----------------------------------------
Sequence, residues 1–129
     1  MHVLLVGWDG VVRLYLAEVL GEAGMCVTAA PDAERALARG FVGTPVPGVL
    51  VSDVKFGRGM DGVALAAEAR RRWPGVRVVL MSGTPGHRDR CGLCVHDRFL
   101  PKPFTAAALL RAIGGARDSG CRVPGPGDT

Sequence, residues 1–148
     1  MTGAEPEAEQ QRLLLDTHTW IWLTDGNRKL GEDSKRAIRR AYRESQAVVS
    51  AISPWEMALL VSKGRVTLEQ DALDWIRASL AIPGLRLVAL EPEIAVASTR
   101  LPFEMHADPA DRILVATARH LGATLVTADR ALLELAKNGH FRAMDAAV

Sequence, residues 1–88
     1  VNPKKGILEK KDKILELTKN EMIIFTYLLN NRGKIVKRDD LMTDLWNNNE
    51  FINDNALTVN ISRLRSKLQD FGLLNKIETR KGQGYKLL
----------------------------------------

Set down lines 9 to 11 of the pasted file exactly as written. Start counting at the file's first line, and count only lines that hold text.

Sequence, residues 1–88
     1  VNPKKGILEK KDKILELTKN EMIIFTYLLN NRGKIVKRDD LMTDLWNNNE
    51  FINDNALTVN ISRLRSKLQD FGLLNKIETR KGQGYKLL